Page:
For parents, the thought of a child being sick or hurt can be a heart-stopper. Fortunately, for those who do confront such realities, there are doctors like Kurt Newman.
Newman is president and CEO of Children's National Health System, known as Children's National, in Washington, D.C. He started there as a surgeon more than 30 years ago.
In his memoir, Healing Children: A Surgeon's Stories From The Frontiers Of Pediatric Medicine, he argues that children are not just smaller, softer adults, and that the differences matter for their treatment.
This interview has been edited for length and clarity.
Medically speaking, how are children distinct from adults?
It starts with size. In some cases, you need special equipment, or you might need special medications that work differently on children. Their biology is different. They're more resilient. They bounce back. They heal better.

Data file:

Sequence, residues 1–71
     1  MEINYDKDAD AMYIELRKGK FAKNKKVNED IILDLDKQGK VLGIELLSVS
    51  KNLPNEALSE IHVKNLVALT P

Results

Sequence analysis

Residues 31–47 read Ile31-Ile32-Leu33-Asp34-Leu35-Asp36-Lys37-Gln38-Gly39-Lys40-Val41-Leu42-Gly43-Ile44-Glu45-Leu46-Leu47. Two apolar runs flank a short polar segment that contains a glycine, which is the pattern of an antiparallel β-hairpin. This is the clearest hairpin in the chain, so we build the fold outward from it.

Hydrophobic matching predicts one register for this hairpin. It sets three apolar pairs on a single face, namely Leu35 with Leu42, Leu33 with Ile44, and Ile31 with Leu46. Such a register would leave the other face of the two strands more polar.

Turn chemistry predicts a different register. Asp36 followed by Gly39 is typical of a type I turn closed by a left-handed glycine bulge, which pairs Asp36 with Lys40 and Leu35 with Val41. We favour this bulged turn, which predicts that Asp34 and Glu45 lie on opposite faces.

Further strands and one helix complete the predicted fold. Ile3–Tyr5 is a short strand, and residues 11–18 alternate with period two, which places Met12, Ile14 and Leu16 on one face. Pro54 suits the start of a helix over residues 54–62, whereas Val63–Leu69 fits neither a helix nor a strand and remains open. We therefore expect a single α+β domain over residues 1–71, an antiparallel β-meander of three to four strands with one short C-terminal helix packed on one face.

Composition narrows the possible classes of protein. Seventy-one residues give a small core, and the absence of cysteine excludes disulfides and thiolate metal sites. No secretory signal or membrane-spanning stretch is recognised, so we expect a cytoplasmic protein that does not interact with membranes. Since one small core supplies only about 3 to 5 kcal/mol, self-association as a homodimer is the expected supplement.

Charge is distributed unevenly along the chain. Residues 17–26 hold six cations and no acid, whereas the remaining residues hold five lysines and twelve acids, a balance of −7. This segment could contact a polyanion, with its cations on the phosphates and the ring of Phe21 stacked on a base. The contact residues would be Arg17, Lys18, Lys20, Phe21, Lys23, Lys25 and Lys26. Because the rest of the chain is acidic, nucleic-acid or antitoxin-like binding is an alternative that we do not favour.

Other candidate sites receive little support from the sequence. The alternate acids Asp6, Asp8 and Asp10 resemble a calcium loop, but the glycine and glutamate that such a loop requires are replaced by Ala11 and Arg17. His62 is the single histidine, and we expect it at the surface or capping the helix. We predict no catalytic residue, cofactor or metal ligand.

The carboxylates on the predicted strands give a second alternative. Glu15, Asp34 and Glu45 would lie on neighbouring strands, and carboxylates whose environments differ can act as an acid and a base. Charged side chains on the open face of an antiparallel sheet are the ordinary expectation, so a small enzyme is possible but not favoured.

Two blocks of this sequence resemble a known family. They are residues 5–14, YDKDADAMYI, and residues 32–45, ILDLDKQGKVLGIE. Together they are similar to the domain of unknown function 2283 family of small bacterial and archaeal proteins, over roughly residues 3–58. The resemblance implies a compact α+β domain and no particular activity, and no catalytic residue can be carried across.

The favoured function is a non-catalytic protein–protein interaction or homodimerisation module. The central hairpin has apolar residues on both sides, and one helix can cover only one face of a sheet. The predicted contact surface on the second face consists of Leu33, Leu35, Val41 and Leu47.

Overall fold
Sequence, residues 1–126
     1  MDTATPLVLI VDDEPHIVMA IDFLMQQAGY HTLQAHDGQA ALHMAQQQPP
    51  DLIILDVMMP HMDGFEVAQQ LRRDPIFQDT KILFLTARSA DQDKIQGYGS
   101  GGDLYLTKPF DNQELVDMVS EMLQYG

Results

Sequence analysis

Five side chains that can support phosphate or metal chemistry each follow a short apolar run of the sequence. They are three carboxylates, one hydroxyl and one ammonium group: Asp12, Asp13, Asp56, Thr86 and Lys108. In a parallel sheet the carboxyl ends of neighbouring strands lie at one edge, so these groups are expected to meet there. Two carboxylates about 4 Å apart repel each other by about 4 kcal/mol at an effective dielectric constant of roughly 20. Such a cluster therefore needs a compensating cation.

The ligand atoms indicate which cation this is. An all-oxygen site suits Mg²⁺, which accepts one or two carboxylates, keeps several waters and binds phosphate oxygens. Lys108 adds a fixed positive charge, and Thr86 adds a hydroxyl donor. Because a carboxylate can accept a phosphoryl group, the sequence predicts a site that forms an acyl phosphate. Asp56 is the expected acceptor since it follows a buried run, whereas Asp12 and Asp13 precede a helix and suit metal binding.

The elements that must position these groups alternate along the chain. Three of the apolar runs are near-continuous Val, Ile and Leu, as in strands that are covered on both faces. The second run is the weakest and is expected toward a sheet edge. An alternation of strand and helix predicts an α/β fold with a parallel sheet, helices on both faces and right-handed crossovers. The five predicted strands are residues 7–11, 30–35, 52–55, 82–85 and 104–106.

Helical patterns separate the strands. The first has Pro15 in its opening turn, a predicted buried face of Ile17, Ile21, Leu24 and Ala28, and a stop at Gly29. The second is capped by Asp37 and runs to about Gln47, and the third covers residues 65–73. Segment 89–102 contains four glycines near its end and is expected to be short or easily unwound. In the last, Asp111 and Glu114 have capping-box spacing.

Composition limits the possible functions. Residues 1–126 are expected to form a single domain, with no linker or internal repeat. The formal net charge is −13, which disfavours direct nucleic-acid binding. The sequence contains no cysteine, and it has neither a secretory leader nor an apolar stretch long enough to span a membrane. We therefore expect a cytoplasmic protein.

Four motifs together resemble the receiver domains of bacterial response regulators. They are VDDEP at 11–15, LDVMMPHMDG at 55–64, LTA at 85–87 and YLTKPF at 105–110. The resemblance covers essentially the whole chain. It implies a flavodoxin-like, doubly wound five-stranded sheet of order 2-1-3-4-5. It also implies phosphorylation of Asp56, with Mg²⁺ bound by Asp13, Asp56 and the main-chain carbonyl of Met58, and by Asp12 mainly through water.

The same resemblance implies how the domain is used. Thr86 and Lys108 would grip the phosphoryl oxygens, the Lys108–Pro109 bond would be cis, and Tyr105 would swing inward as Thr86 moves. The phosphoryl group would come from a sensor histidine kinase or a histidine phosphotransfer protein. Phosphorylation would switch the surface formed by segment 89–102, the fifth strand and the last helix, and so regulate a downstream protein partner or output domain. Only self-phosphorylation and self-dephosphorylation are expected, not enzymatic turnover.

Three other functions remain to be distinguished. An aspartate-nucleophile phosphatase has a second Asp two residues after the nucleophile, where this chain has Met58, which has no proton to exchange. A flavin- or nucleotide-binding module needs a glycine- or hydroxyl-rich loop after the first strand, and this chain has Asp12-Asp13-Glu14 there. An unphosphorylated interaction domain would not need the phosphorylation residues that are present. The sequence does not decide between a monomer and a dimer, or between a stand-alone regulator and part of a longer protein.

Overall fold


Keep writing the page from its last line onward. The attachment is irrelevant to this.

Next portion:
And then there's a whole idea about development — for example, the developing brain. You have to think about how that brain is now, and how it's going to develop, and what should we do now so that we maximize the potential for that child.
When you think about a child, they need protection. They're not fully formed or fully mature. Their organs are not what they're going to be. But at the same time, that immaturity allows so much bounce back and so much healing and so much ability. So you have to take both those things into mind as you take care of a child.